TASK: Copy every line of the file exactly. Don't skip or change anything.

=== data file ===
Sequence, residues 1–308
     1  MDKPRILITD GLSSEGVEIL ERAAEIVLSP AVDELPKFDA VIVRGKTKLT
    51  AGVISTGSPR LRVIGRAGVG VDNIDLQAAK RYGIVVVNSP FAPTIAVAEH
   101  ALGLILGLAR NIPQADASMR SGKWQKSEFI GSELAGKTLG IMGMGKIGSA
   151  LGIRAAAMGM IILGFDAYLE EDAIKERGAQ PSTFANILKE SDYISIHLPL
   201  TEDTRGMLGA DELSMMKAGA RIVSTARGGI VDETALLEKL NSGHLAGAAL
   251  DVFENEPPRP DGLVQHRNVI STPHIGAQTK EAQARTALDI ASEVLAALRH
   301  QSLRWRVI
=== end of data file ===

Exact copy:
Sequence, residues 1–308
     1  MDKPRILITD GLSSEGVEIL ERAAEIVLSP AVDELPKFDA VIVRGKTKLT
    51  AGVISTGSPR LRVIGRAGVG VDNIDLQAAK RYGIVVVNSP FAPTIAVAEH
   101  ALGLILGLAR NIPQADASMR SGKWQKSEFI GSELAGKTLG IMGMGKIGSA
   151  LGIRAAAMGM IILGFDAYLE EDAIKERGAQ PSTFANILKE SDYISIHLPL
   201  TEDTRGMLGA DELSMMKAGA RIVSTARGGI VDETALLEKL NSGHLAGAAL
   251  DVFENEPPRP DGLVQHRNVI STPHIGAQTK EAQARTALDI ASEVLAALRH
   301  QSLRWRVI